[1] Timothy’s discovery by Paul is recorded in Acts 16:1-2, and his presence is noted in both Acts and Paul’s letters. Titus was a Greek who was led to faith in Christ by Paul and thus his child of the faith (Titus 1:4). Titus eventually became a co-worker, perhaps one of those accompanying Paul and Barnabas from Antioch to Jerusalem ( Acts 15:2). At the Jerusalem Council, Titus would have been an example of a Gentile Christian who was not circumcised. Titus was living proof that the rite of circumcision was unnecessary for salvation (Galatians 2:3).

[2] Eusebius, History of the Church from Christ to Constantine, NPNF Volume 1, 2.22.

[3] All three letters are addressed to Timothy or Titus personally. Unlike the other letters of Paul, they contain no long lists of persons to be greeted by the Apostle. They are personal letters, not public letters to churches.

Rawls 4: Economics and a Fair Society

Rawls begins his discussion of justice and the political economy with a statement that almost everyone would agree to: “A doctrine of political economy must include an interpretation of the public good, which is based upon a conception of justice.” [1] The social system of a society profoundly affects the character of its citizens. Human wants and aspirations, our vision of our potential futures and the limitations on our aspirations. They are on, are all impacted profoundly by the social institutions, under which we live. [2]

My wife and I are enthusiastic followers of British television. A constant theme of shows that deal with the early 20th century is revealing the way in which the working class in Great Britain began to see a different future as a result of social changes during and after the First World War. Downton Abbey, for example, follows the changes in a prominent family and their servants thought the changes World War I brought. [3] Such shows always include older members of the family and older servants who have grown up within the limitations of a traditional society who are challenged to accept the aspirations of a younger generation. This is just an illustration of the truism that socio-economic systems carry with them a vision of society, a set of social institutions, an economic reality, all of which impact those who live in any society.

The Original Position and Political Economy

Rawls’s presentation begins with a presumption that human beings choose and change a social system with limited reference to the actual route of the historical development of a society and the actual condition, including ideas and prejudices with which all investigation begins. He is dismissive of those who “acquiesce to the status quo” without thinking through the moral conceptions implicit in the status quo or leaving things as they have developed under historical contingencies. [4] In his view, there is no safe starting point other than to create an ideal conception of society unprejudiced and uninformed (I think) by reality as it presents itself in concrete historical circumstances. This is the notion behind the “original position.” Unfortunately, throughout human history, human beings have been born into a socio-economic reality to which they adapted and, in many cases, changed. Perhaps the safest starting point is society as it has evolved and adapted over time. The kind of “armchair philosophizing in which Rawls engages makes him a child of Descartes, Kant, and the high Enlightenment philosophers but far from the pragmatism that characterizes American philosophy at its best.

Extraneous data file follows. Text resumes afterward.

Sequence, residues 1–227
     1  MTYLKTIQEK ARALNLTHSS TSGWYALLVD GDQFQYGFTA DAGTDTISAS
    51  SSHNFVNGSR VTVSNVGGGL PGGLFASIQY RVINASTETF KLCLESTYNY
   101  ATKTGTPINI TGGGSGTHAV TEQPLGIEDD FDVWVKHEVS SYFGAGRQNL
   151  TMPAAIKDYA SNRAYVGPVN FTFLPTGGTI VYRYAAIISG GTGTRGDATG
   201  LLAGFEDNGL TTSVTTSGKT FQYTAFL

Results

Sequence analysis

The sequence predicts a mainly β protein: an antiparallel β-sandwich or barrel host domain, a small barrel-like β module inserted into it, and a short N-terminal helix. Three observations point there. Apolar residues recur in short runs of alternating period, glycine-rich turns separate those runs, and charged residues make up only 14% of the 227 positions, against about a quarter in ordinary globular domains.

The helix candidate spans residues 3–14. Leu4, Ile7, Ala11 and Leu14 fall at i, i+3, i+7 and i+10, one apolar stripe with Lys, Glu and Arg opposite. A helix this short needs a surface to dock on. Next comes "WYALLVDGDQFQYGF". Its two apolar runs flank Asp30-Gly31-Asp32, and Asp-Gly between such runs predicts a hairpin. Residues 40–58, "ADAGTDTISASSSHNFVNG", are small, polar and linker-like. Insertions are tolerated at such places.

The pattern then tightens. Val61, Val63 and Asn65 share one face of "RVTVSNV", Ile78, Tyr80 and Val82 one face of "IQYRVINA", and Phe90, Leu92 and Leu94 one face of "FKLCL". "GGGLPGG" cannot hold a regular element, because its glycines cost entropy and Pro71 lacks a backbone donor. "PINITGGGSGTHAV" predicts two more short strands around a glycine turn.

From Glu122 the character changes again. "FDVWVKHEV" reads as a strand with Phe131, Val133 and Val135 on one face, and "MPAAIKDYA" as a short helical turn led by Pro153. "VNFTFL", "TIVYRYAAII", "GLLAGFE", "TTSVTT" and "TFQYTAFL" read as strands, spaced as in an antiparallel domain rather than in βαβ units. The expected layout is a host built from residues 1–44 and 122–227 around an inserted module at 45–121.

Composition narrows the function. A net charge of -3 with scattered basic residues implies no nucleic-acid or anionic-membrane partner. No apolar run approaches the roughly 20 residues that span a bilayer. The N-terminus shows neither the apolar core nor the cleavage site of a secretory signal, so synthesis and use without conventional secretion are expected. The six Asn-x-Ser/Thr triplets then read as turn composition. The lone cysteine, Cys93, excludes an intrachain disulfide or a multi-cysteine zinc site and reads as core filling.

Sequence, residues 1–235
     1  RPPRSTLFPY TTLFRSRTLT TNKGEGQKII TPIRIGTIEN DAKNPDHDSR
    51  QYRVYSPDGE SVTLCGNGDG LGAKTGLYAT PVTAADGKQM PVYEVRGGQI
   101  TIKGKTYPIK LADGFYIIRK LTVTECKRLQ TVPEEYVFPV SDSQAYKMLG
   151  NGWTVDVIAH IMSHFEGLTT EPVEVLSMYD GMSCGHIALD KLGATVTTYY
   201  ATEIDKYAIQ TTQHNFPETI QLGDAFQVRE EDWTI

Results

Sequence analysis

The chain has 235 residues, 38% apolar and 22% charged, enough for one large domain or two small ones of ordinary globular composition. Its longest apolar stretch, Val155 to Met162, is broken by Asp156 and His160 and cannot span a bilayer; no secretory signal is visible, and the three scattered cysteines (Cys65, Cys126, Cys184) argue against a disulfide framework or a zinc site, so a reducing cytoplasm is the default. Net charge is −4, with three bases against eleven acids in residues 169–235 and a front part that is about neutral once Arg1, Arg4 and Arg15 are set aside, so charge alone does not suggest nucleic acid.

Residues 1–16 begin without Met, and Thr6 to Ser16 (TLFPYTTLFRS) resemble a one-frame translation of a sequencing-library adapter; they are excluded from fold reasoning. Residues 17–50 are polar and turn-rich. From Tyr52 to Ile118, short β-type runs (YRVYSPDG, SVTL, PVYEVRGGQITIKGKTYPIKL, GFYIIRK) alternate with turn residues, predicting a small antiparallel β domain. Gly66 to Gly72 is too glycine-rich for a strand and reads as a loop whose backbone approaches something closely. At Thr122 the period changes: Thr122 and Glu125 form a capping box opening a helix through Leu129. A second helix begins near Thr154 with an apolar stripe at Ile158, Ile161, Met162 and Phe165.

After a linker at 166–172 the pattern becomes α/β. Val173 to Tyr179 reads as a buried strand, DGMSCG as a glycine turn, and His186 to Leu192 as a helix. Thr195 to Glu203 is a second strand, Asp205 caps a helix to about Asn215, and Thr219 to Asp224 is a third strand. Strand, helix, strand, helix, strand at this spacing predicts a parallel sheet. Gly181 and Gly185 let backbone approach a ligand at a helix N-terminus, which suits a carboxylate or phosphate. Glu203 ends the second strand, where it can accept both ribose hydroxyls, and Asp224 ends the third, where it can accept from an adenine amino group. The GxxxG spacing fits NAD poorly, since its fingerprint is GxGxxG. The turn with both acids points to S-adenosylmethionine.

While a kind of disembodied “Original Position” notion may be inviting to Americans, perhaps especially to well-educated Americans, it is profitable to examine the results where America recently put similar ideas into practice: In the misguided attempts to build an ideal, modern, secular democracy in places like Afghanistan and Iraq. Most intelligent observers believe America failed to build functional democracies in these nations precisely due to its disregard for the historical, contingent but authentic structures of these societies, in particular, due to a failure to consider the tribal nature of the communities involved. I would suggest that the failure of Communism results partially from its propensity to envision an ideal state removed from the history and culture it was busy destroying. The result was, in all cases, tyranny and even greater social and economic unfairness than existed before their misguided efforts.

The Priority of Fundamental Rights